Anthony Minghella got one thing right: Patricia Highsmith's story does seem to need another murder.
It's not because we miss Dickie Greenleaf as much as we do in the movie, it's just that the last third of the book becomes a kind of back-flipped procedural as we observe the intricacies of avoiding justice. Although the textual Ripley has to deal with the additional stress of the suspicions that come to surround his forged signatures, there is no escaping the fact that, even allowing for the forensic techniques of 1950s Italy, he should consider himself a very lucky double-murderer when, on the final page, he checks into a Greek hotel using Dickie's legacy.
There's hardly that much to miss anyway of Highsmith's Dickie. He's barely less obnoxious than Freddy Miles. The key relationship here turns out to be between Tom Ripley and Dickie's girlfriend of convenience, "gourdlike" Marge. By misreading Dickie's affection for the clinging writer and the influence this allows her to wield over him, Ripley is compelled to a life of capital crime. And unlike in Minghella's reworking, there is clear premeditation in his removal of Dickie the obstacle.
For by his own account, Tom Ripley doesn't murder for pleasure. He kills to preserve his status. From the moment Herbert Greenleaf pays him to take a trip to bring back his errant trustafarian son, Ripley knows that his train has come in and, after half a decade of drifting, his biography will finally have some oomph. Threats to that momentum are removed, with just a tinge of regret. "As people went, he was one of the most innocent and clear-minded he had ever known."
Despite Tom's rationalisations we observe that he is prone to envy, self-pity and paranoia, and that his sexuality is confused. Less overtly gay than Minghella would make him, Ripley is a sexual agnostic, that nevertheless finds the very idea of Marge's underwear draped across his furniture deeply disgusting. And "her letters repelled him, he disliked even touching them."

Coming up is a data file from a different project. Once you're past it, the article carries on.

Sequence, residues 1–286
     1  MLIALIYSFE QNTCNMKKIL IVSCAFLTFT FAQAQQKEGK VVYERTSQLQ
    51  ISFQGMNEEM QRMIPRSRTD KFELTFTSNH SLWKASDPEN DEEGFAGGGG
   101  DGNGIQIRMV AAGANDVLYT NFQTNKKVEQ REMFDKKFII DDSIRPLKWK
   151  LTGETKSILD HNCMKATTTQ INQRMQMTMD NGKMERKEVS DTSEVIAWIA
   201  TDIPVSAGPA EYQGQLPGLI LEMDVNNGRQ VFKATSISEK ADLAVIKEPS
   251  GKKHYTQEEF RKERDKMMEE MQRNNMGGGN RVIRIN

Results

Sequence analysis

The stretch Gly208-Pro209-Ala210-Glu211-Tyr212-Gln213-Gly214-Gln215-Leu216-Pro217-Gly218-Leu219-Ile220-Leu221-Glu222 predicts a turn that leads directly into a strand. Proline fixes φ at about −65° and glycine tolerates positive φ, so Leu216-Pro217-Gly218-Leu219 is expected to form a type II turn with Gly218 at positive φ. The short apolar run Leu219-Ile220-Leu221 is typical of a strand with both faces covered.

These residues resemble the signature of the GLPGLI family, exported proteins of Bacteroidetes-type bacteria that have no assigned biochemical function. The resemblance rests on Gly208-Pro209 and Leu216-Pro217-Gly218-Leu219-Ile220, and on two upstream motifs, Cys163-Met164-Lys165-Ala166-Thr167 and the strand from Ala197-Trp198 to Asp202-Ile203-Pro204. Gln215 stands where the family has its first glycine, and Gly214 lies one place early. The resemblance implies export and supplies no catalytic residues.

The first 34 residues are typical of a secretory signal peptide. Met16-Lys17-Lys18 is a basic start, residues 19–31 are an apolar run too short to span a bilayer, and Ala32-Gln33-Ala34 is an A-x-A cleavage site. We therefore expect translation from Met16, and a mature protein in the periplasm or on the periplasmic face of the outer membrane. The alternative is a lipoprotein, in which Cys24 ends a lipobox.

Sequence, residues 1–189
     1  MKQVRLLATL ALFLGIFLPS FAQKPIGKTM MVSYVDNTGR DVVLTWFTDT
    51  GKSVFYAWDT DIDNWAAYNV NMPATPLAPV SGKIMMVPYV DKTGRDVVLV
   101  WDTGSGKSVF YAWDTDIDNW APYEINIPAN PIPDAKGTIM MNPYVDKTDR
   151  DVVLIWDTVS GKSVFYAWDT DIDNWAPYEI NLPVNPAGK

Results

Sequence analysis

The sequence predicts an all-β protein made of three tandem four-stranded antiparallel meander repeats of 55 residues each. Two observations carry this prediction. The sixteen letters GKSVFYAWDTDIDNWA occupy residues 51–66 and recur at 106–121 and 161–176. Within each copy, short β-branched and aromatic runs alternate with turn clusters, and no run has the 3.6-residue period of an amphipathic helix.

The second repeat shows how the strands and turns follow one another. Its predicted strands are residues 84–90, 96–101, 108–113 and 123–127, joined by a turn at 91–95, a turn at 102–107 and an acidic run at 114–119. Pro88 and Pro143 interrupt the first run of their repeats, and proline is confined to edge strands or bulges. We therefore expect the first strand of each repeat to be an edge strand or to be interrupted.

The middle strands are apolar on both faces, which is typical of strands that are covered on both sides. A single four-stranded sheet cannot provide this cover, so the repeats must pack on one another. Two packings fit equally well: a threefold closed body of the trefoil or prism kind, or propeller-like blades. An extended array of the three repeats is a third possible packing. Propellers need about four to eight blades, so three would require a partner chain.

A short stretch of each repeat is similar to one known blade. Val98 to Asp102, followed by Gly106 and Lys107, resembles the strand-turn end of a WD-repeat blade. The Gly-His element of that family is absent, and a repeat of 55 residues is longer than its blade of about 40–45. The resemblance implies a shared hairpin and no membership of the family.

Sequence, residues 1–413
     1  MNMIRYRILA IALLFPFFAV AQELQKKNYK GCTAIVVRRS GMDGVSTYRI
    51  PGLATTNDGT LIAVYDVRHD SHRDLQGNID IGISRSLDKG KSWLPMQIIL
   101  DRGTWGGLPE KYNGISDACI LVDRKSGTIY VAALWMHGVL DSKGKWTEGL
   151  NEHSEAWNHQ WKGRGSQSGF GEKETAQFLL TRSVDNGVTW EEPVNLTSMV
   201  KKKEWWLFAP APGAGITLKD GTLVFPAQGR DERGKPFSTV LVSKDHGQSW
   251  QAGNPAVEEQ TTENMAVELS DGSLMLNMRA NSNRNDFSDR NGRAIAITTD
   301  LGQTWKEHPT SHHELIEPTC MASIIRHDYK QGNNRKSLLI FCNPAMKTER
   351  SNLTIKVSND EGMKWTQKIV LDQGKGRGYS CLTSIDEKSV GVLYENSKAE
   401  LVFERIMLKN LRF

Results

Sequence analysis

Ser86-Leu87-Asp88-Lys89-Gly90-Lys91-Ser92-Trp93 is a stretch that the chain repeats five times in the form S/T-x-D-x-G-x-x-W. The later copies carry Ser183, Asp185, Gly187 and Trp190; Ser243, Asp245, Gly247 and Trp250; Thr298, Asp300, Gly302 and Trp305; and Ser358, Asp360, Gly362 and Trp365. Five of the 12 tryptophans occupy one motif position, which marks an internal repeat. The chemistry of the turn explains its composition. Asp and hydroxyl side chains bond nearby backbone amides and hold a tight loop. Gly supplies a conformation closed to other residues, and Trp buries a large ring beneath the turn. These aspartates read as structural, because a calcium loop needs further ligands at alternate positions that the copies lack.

Aside from a greatly reduced concern for consequences, Ripley has the knack of "standing apart from himself and watching the scene" and is able to convince others with his stories "because he imagined them so intensely that he came to believe them."
Ripley's ultimate fantasy becomes "to see Greece as Dickie Greenleaf, with Dickie's money, Dickie's clothes, Dickie's way of behaving with strangers. " He makes sure he never learns the proper usage of the subjunctive in Italian so that he can even sound like Dickie, and as he leaves behind his profoundly un-gregarious birth identity, he even starts overtipping like his victim, a man who always had "a thousand francs for anyone who asked him."
The most compelling thing about this novel is how easy it is to identify with Ripley. Not only can I see myself in this mirror, but a number of my friends and acquaintances as well. Ripley embodies not just the pain of exclusion, but also the sheer torture of being left out, gradually, politely even.
Dickie's murder involves something of a merger between talent and money. Ripley has the discernment, while Greenleaf is answerable to nobody and has the aura of a somebody: "People made way for Dickie." Contrast what Marge says of Tom in a letter: "He may not be queer. He's just a nobody, which is worse." The irony is that in the end Ripley has convinced everyone that Dickie had elected to end his own life in recognition of "certain failures in himself".
There is of course a profound nastiness at work here, but Highsmith makes it very hard for us to locate it in the personality of her protagonist. It's as if it's really in the way his story is told. I'd recommend it to anyone!